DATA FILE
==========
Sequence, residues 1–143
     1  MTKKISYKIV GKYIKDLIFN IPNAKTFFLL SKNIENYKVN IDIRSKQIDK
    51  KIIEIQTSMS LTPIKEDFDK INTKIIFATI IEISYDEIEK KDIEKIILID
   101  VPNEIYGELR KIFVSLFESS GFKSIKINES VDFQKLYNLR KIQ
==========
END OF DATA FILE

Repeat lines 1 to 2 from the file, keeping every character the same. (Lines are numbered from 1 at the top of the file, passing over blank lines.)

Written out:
Sequence, residues 1–143
     1  MTKKISYKIV GKYIKDLIFN IPNAKTFFLL SKNIENYKVN IDIRSKQIDK